You’ve selected your mediator, and the mediation session is scheduled for next month. Preparing for mediation as thoroughly as possible is the key to achieving the best possible outcome. Where to begin?
1. You need a mediation plan. The plan will help you organize your preparation and deepen your understanding of the case. Your plan should consist of:
a. Determining your client’s and your own goals and objectives.
b. Identifying your client’s and your own true interests underlying the goals and objectives.
c. Developing a strategy for achieving those goals and objectives. Distinguish between needs and wants.
d. Considering various approaches at the mediation, both procedurally and substantively.
e. Realistically determining your alternatives if you cannot reach an agreement through mediation.
f. Considering the other party’s and counsel’s likely true interests as well as the other party’s likely alternatives if no agreement is reached.
California litigators know that cases must be brought to trial within five years or face mandatory dismissal. (C.C.P. Section 583.310). Time periods when “prosecution or trial of the action was stayed” or when bringing the action to trial was “impossible, impracticable, or futile” are excluded from the five-year calculation under C.C.P. Section 583.340.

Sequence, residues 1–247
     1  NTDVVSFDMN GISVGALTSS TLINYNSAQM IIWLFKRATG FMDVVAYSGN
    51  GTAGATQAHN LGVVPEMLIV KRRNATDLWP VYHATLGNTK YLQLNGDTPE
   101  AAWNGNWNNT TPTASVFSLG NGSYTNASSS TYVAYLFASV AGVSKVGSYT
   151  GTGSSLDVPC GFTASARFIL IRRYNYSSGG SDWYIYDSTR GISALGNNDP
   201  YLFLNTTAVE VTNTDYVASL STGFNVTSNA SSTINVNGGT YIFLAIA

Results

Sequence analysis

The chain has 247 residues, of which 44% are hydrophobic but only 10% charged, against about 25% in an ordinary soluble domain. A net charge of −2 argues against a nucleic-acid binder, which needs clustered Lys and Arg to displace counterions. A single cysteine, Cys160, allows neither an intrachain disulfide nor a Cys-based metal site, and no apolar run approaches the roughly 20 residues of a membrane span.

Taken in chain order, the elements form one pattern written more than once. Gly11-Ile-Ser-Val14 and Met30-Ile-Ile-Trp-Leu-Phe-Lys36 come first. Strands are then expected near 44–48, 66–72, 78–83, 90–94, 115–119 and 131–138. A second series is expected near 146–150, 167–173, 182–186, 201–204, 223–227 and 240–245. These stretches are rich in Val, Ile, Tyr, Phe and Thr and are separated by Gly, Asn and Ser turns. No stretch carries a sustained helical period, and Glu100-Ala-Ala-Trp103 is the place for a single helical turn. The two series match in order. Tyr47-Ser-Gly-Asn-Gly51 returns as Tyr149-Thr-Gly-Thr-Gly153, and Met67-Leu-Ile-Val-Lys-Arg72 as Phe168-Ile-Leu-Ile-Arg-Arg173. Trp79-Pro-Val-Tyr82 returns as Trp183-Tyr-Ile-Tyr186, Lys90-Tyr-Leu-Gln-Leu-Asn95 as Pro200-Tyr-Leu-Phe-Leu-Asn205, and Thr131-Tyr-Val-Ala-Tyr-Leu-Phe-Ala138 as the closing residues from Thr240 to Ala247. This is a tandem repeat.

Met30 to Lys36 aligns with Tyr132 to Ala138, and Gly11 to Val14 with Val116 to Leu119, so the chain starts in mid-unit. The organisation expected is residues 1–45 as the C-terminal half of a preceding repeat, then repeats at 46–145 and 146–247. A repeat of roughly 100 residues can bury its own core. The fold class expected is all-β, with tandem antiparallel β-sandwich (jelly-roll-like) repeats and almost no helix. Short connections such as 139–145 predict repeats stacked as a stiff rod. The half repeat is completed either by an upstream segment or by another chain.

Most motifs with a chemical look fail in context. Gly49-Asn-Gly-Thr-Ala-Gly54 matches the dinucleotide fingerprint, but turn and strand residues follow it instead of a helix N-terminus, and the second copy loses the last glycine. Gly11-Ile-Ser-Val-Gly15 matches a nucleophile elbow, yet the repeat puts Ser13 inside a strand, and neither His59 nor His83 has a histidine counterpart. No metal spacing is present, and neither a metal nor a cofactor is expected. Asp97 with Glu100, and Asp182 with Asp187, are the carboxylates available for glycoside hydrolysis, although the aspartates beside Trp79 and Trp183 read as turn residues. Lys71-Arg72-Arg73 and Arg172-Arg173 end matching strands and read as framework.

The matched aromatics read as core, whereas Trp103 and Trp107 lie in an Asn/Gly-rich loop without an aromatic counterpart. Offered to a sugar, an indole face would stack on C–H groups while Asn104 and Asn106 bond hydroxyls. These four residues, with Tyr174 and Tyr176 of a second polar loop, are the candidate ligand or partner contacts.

In another decision throwing parties’ efforts to mediate under the wheels of the five-year rule, the California Supreme Court decided that a trial court order striking a trial date and staying the action following the plaintiff’s agreement to the defendants’ request to engage in mediation and complete outstanding discovery did not operate to toll the running of the five-year period. According to the majority, the “mediation stay” did not amount to a sufficiently complete stay or render the prosecution of the case impossible, impracticable, or futile to effect tolling. Gaines v. Fidelity National Title Insurance Company, et al., S215990 (filed 2/25/16)
The ICC International Commercial Mediation Competition in Paris showcased many different approaches to business mediation and negotiation even within the predetermined format and criteria for performance. Even when cultural differences were insignificant, the mediations often turned in unpredictable directions depending on different personalities and negotiation techniques. This was an excellent demonstration of the many permutations of power play.
The ICC Competition Final at the Maison du Barreau was the perfect example of power play at work. The auditorium was huge, the stage bathed in spotlight. Hundreds of spectators anxiously awaited the final match between the University of New South Wales (Australia) and the University of Auckland (New Zealand). There were no significant cultural differences between the teams.
All of the spectators had access to the details of the conflict – a dispute between a celebrity baker and party planner-to-the-stars over a wedding cake disaster that occurred when the industry-changing icing jointly developed by the two slid off of the cake at the party planner’s daughter’s wedding. Both parties’ reputations, businesses, and cash flow were in trouble. Each sought money damages from the other.